Fig. 8

Comparison of atomic structure diagrams, viewed along c-axis of a aragonite and bd transformed phases induced by indentation, tension and compression along a-axis, respectively

Fig. 9

Radial distribution functions of a calcium–carbon, b calcium–calcium, c calcium–oxygen, and d carbon–carbon for aragonite and transformed phase induced by indentation, tension and compression, respectively

To identify the distribution of the new phase formed in the indented region, the surrounding environments of each atom are considered and the number of nearest neighbor atoms, namely coordination number, is adopted to trace and investigate the history of phase transformation. According to the difference in the radius of nearest Ca–Ca neighbors for aragonite and the new phase observed in the indentation simulations described above, here we adopt the coordination number of calcium atoms to identify phase transformation region. Aragonite has two nearest calcium neighbors at a distance of 3.89 Å, while the new phase is detected to have two nearest calcium neighbors at a distance of 3.33 Å. Hence, a cutoff radius of 3.4 Å, which is between 3.33 and 3.89 Å, is chosen to calculate the coordinate number. Within the radius of 3.4 Å, there are no atoms in the aragonite phase while there are two atoms in the new phase.

Figure 10 shows cross-sectional views of the distribution of the transformed phase induced by indentation along a-axis at different deformation stages. The atoms are colored according to the coordination number of calcium atoms. The blue atoms represent the original undeformed aragonite crystalline structure, the yellow and green atoms represent the ordered new phase and the amorphous phase that have been completely transformed into after indented, respectively. It can be seen from Fig. 10 that the phase transformations occur and propagate anisotropically, resulting in a symmetry petal pattern.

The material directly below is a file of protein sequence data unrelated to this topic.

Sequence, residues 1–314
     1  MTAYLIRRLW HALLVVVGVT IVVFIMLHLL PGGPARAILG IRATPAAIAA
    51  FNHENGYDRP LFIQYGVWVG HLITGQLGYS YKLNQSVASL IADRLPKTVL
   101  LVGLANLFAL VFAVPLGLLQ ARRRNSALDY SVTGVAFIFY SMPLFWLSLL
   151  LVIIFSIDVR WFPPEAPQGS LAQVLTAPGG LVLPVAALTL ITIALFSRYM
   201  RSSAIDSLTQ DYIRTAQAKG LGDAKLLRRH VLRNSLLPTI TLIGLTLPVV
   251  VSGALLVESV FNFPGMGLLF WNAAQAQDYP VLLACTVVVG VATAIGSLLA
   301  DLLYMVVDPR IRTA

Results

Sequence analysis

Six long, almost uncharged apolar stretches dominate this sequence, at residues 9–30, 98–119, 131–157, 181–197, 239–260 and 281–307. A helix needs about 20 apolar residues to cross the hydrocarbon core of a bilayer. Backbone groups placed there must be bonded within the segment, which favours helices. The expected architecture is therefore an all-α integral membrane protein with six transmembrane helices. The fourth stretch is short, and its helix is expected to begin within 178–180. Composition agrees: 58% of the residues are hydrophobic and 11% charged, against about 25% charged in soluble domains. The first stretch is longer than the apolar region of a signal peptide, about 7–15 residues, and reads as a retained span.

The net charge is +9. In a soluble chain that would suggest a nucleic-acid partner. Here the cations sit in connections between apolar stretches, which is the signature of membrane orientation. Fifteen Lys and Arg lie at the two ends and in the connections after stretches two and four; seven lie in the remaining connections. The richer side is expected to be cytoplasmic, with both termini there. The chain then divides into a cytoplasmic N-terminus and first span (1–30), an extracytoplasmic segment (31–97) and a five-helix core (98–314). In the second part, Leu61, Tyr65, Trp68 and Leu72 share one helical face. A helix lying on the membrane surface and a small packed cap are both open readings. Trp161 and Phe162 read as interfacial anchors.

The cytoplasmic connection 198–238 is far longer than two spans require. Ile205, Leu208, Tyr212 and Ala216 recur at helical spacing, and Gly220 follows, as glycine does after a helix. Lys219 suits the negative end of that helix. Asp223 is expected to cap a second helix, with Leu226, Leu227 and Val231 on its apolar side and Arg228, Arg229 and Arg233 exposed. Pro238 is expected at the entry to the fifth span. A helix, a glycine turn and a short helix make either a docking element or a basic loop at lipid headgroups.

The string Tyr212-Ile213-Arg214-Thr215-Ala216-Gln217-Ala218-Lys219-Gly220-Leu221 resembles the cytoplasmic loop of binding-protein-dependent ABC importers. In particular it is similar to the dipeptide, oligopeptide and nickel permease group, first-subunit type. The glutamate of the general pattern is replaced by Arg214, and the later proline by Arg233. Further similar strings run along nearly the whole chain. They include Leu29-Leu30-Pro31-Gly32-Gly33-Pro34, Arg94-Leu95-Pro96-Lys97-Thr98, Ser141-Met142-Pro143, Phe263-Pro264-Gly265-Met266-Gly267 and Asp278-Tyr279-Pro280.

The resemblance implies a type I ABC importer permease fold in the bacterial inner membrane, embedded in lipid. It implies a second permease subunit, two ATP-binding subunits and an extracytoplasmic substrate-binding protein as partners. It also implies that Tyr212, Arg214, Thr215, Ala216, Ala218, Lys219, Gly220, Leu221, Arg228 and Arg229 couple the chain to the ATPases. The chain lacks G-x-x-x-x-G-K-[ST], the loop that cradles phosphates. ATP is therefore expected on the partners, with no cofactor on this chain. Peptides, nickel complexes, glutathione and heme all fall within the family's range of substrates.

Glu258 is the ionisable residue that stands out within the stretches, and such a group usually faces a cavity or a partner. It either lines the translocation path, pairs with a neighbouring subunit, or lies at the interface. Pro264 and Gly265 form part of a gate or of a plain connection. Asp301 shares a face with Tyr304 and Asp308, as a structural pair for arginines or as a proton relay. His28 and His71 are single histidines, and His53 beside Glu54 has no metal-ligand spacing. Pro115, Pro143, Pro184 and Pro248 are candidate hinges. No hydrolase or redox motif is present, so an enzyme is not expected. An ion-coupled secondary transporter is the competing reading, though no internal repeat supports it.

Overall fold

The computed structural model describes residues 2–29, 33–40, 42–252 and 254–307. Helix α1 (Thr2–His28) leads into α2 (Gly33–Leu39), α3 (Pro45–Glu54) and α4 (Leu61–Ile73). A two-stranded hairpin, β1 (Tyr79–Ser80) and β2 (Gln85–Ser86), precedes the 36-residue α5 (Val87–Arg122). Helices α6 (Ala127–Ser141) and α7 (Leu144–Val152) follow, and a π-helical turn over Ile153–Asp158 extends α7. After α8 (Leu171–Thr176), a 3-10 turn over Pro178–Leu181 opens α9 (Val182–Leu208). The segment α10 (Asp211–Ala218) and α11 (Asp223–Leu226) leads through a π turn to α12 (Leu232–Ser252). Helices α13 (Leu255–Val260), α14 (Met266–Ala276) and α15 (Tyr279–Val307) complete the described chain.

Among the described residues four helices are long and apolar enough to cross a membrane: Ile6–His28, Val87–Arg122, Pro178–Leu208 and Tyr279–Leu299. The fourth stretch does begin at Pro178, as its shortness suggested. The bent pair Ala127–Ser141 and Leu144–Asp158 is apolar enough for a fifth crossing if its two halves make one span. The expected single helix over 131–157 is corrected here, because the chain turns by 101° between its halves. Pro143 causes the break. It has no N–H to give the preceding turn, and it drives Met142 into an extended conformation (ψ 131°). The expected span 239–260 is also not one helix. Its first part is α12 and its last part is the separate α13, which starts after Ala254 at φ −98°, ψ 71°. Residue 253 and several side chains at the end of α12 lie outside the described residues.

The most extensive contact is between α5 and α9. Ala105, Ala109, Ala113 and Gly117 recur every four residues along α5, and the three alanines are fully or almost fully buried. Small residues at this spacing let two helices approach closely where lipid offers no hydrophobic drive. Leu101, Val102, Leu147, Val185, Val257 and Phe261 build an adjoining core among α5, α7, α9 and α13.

Fig. 10

Side cross-sectional views of the transformed region induced by indentation along a-axis at the penetration depth of a 2.6 nm, b 3.0 nm, and c 3.5 nm. The atoms are colored by coordination number. Blue atoms are the original aragonite. Yellow and green atoms are the transformed ordered crystalline phase and the amorphous phase, respectively (Color figure online)

Looking back at the load–displacement relationship in Fig. 5, it may be concluded that the observed load plateaus in the load–displacement (PH) curve of indentation along c-axis is attributed to the pileup zone formation, which leads to sudden energy release and accordingly results in the decrease of the overall slope, i.e., load plateaus. However, in the case of indentation along a-axis, the plastic load-drops in load–displacement (PH) curve in Fig. 5 may be induced by the phase transformation. As indicated in Fig. 10, this new phase nucleates beneath the contact surface and grows under higher loads. As the volume is reduced due to phase transformation, the resistivity of aragonite rapidly decrease, which consequently results in plastic flow and load drops in load–displacement curve.